It helps to check with the state bar association in your lawyer’s area to ensure they’re a true professional.
Winning lawyers aren’t experts in every area, and Medicare qui tam suits have very specific guidelines to follow. While you might not be able to stay anonymous, there are certain things you can do to protect yourself if you come forward. For instance, your employer cannot do any of the following if you have filed a whistleblower case:
In some instances, an experienced attorney can help you preserve your anonymity or take extra measures against retaliation.
Most importantly, when included in a qui tam lawsuit, you’re eligible to receive a portion of any settlement or lawsuit winnings. Successful whistleblowers have received millions of dollars. There’s a lot at stake, so you want to work with someone you know will get things right.
With the crackdown on frivolous qui tam lawsuits, who you know might become more critical over time. While the DOJ acknowledges how important cases are in keeping corruption at bay, the number of cases filed has reached a tipping point where the potential costs involved in intervention might outweigh the benefits of catching certain crimes.
Government intervention helps improve your chances for success, so hire someone who has worked alongside government agencies in the past. Bring in a lawyer with a reputation for filing and winning valid cases. It can help convince an agency your lawsuit is worth the investment.
Filing Medicare qui tam lawsuits don’t typically require a considerable cash investment up front from the client. Instead, the lawyers take their fees from the case winnings. Others charge per hour or per motion. It’s essential you understand billing procedures before you sign on with a legal professional. Will your lawyer be able to invest the time and money into preparing your case?
With so many considerations to make when choosing a lawyer, it pays to do your research. Every minute spent on research goes toward a winning settlement. Learn more about finding the right Medicare qui tam attorney by contacting Bothwell Law Group online.
The qui tam act refers to provisions of the False Claims Act (FCA) that make it possible for individuals to sue corrupt companies on behalf of the U.S. government. Cases must meet specific requirements to go forward, but successful wins result in big rewards. According to the Department of Justice, qui tam rewards going to filers topped $393 million in 2017. These cases are the government’s best weapon against fraud in government spending.
If you’re reading up on qui tam lawsuits, you’re probably worried about a situation at work. While laws are in place to protect you from retaliation, it can still be enough of a concern to keep people from speaking out. Sharing in the financial awards or settlements of FCA cases helps lessen the burden whistleblowers bear. It also acts as encouragement for others who see a problem to report it to the authorities.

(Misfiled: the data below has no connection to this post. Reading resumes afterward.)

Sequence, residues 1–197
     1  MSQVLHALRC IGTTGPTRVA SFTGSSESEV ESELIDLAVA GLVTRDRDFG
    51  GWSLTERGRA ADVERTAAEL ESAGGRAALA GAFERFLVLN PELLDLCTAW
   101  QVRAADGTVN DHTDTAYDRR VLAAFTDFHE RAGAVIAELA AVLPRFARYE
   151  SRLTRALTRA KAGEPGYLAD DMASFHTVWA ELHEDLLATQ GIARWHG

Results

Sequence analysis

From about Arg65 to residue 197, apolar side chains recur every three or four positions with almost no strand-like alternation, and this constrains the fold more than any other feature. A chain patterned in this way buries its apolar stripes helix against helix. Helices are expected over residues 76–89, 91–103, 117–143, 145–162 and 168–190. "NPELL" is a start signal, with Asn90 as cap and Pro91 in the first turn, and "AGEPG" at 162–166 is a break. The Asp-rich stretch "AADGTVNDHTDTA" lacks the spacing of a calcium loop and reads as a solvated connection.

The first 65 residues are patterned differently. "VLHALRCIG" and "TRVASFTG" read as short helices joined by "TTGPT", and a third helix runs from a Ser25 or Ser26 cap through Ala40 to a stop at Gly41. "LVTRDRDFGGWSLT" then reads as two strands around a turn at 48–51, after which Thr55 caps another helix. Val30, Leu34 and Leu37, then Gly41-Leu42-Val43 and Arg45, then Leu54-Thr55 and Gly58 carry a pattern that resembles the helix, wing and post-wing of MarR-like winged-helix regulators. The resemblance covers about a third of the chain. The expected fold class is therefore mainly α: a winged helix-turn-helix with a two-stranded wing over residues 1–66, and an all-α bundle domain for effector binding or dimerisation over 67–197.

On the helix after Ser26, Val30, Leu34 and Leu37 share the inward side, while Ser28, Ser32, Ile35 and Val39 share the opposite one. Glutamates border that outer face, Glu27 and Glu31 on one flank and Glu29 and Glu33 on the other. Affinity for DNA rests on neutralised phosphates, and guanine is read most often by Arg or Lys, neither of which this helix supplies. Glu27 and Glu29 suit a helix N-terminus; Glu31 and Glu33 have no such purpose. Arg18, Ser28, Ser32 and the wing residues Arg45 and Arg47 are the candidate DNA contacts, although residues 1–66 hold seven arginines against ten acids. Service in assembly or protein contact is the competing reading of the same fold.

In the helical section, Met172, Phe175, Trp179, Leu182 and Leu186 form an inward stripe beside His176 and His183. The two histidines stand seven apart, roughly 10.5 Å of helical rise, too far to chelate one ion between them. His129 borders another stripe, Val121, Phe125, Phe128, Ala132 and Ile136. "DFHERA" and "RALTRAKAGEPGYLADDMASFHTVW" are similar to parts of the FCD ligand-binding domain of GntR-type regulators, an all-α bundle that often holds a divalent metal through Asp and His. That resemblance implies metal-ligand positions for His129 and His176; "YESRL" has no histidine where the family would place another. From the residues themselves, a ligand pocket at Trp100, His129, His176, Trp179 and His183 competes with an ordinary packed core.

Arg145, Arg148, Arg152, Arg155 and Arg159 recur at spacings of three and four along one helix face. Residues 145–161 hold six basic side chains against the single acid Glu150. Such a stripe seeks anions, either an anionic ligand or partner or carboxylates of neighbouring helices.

Successful qui tam litigants often walk away from the courtroom with serious cash. How? The FCA gives individuals the right to share in financial settlements and awards from cases they initiate. In 2017, FCA lawsuits recovered more than $3.7 billion of taxpayer dollars. Relators, individuals who initiate the suits, can take home up to 30 percent of the winnings.
In a recent record-breaking win against Walgreens, for instance, the courts awarded 21 percent of the $60 million settlement to the whistleblower. The case highlighted a prescription billing scheme by which the pharmacy chain bilked federal and state healthcare programs out of millions of dollars by inflating the costs of prescription drugs.
That said, cases can last a long time. It’s not unheard of for a lawsuit to take years. There’s no guarantee the government will help your case, however. In fact, the U.S. government can not only refuse to assist, but it can also request the courts dismiss your case.
You can still forge ahead on your own and be successful. In 2017, cases where the government chose not to intervene brought in $425.7 million, and relators took home $43.6 million of the proceeds. It’s easier when the government gets involved — and much easier when they don’t try to fight your case!
There’s more than money involved in these fraud cases though. Individuals don’t raise an FCA lawsuit for a simple cash grab. You can see the real benefits the FCA in its origins.
The FCA is sometimes referred to as Lincoln’s Law. Out 16th president signed it into law in 1863. Congress passed the act in response to Civil War-related fraud against the government. Unscrupulous vendors promised to give our troops warm, durable clothes, sturdy shoes, and healthy meals, but they rarely delivered.
Similarly, today’s worst offenders aren’t just taking the money they don’t deserve. They’re hurting people in the process. In some cases, they’re killing them. Three examples from recent years truly demonstrate the consequences faced by victims of government fraud.
In the first, a company called Second Chance Body Armor was selling defective bullet-proof vests to law enforcement agencies across the country. The ruling determined their guilt and the federal government reimbursed the law enforcement groups for the purchased vests. For years Second Armor knew their products weren’t safe but continued to mislead agencies. Eventually, the scam led to the death of a police officer killed when a bullet went through his protective gear.